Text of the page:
Several months ago comic writer Bryan J. Glass (Thor: First Thunder, Valkyrie) and artists Michael Oeming (Powers, Bulletproof Monk) and Victor Santos (Polar, Dark Horse Presents) were kind enough to send me digital review copies of all four pre-existing volumes, compiled in six trade paperbacks, of their massive epic Mice Templar from Image Comics. And though my reading has been sporadic and slow due to ailing health, I have finally finished all of the volumes leading right up to the present Volume V: Night’s End, which is presently being released through five monthly issues from Image and will serve as the conclusion of a limited series that has run for eight years.
As those who haven’t read the series can probably discern from the comic’s title, Mice Templar is an anthropomorphic story in a fantasy setting, one that concerns the struggle and ultimate destiny of mice, led by a prophesized but unlikely messianic mouse named Karic. This review is intended to serve as a short primer to the entire series for those who have not read or heard of it yet, and is also intended as a “thank you” of sorts to Mr. Glass and Mr. Oeming for introducing me to their enchanting world.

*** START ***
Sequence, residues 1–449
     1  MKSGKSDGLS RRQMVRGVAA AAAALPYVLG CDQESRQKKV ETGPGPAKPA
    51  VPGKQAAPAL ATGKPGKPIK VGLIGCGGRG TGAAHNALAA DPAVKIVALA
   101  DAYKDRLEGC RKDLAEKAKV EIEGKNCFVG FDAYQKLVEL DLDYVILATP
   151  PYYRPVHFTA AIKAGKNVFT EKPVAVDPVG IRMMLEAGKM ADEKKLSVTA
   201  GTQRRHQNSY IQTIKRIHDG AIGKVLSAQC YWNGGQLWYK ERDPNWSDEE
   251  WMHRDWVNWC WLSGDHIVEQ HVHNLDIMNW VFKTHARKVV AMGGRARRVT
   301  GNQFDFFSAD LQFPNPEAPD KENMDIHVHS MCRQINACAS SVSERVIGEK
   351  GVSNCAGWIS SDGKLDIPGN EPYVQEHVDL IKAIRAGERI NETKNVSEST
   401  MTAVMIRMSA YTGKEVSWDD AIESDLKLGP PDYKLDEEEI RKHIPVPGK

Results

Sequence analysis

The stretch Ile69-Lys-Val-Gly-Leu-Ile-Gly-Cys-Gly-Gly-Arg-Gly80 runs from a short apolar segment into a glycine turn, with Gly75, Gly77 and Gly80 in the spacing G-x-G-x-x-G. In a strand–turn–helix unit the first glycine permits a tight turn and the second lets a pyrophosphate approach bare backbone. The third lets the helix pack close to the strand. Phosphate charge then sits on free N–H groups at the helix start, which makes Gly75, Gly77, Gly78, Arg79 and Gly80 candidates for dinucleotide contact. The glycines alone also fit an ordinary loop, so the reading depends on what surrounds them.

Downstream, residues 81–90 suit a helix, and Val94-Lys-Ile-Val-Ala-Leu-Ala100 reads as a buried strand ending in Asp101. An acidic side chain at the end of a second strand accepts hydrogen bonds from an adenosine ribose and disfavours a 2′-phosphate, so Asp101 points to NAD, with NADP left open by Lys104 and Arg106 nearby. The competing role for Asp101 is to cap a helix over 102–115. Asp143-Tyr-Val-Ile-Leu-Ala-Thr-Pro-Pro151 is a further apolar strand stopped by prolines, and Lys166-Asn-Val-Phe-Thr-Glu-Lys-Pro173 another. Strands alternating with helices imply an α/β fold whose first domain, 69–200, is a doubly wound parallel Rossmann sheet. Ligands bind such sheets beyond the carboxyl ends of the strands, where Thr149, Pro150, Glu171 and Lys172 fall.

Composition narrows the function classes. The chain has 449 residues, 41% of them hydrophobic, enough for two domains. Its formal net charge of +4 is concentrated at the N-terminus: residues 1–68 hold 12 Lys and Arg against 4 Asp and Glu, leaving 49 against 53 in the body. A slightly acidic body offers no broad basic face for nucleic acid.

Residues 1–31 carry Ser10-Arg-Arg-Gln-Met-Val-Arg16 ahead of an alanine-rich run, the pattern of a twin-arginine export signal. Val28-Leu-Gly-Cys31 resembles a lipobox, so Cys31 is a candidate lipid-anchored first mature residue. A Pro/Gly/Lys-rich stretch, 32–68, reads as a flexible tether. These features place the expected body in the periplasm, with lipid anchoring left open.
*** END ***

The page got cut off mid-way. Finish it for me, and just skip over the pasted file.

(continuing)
Mice Templar’s roots in the anthropomorphic tradition
Anthropomorphic comic series are all the rage these days. To name just a few, there’s Elephantmen and The Autumnlands: Tooth and Claw from Image Comics, Wild’s End from Boom! Studios, and of course the unstoppably popular Rocket Raccoon from Marvel’s Guardians of the Galaxy. Let us also not forget Boom!’s own Mouse Guard which is sometimes confused with Mice Templar in that it is also about anthropomorphic mice in a fantasy setting.